Faculty Advisor(s)

Kirsten Buchanan

Document Type

Course Paper

Publication Date

12-8-2014

Rights

© 2014 Maegen Johnson

Abstract

Background and Purpose: Robot-assisted gait devices have become increasingly popular as they have been shown to increase the likeliness of independent ambulation in patients who have had a stroke, while also decreasing the physical burden on the physical therapist. However, there has been minimal research investigating the impact of these devices on activities of daily living (ADL) function. Therefore, the purpose of this case report is to describe the impact of robot-assisted gait training with task specific training on the ADL function and functional mobility of an individual who experienced a stroke. Case Description: The patient was a 71-year-old male who experienced a right middle cerebral artery stroke 6 weeks prior to admission. The initial examination revealed impairments in strength, tone, balance, ADL function and functional mobility. Procedural interventions included gait training both overground and robot-assisted, task-specific training including bed mobility and transfers, balance activities, wheelchair management, stretching, and therapeutic exercise for strengthening. Outcomes: After 14 treatment sessions, the patient improved his performance of ADLs, as indicated by a 25 point increase on the Barthel Index for a total score of 50/100. He also displayed improvements in strength, balance, and functional mobility, including the ability to ambulate with minimum assistance. Discussion: Robot-assisted gait training with task-specific training was shown to improve performance of activities of daily living and functional mobility in this patient after a stroke. Due to the early discharge, it was uncertain how much more improvement in ADL function and mobility may have been gained with the intended amount of therapy. Future studies should investigate the benefits of robot-assisted gait training and task-specific physical therapy techniques on ADL performance in this population.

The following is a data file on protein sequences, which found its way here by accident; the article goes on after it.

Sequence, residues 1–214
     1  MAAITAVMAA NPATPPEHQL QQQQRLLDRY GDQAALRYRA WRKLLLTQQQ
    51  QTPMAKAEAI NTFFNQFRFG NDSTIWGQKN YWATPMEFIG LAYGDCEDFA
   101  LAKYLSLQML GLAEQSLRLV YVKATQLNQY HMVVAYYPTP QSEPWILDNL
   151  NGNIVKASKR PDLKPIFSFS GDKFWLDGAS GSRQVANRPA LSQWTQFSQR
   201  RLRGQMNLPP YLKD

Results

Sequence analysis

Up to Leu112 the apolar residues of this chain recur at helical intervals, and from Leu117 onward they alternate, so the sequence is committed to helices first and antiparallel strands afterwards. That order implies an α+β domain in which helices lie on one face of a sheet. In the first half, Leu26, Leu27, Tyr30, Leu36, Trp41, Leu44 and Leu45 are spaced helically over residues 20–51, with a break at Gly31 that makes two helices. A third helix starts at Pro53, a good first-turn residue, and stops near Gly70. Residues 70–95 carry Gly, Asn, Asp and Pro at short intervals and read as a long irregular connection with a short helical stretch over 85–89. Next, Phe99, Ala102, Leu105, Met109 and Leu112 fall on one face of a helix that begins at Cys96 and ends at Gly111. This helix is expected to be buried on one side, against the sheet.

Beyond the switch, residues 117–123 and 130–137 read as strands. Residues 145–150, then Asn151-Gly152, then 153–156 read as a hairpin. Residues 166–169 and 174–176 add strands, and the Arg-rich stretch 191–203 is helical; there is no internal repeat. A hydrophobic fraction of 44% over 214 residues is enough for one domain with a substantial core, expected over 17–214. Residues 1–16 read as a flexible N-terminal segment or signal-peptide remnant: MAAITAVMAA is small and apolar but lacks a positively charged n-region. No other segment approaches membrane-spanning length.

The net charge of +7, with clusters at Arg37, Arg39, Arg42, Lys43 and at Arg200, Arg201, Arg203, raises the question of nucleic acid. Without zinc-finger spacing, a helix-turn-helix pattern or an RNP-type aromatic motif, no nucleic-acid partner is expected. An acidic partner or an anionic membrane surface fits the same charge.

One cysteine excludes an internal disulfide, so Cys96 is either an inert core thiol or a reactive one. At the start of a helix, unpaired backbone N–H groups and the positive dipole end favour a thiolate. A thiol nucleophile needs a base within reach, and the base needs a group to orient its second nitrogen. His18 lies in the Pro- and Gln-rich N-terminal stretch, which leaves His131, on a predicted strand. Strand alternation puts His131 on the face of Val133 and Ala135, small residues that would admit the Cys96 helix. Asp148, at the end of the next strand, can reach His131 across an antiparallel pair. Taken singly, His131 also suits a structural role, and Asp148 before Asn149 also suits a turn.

Comments

The case report poster for this paper can be found here:

http://dune.une.edu/pt_studcrposter/32.

Files over 3MB may be slow to open. For best results, right-click and select "save as..."

Share

COinS
 
 

To view the content in your browser, please download Adobe Reader or, alternately,
you may Download the file to your hard drive.

NOTE: The latest versions of Adobe Reader do not support viewing PDF files within Firefox on Mac OS and if you are using a modern (Intel) Mac, there is no official plugin for viewing PDF files within the browser window.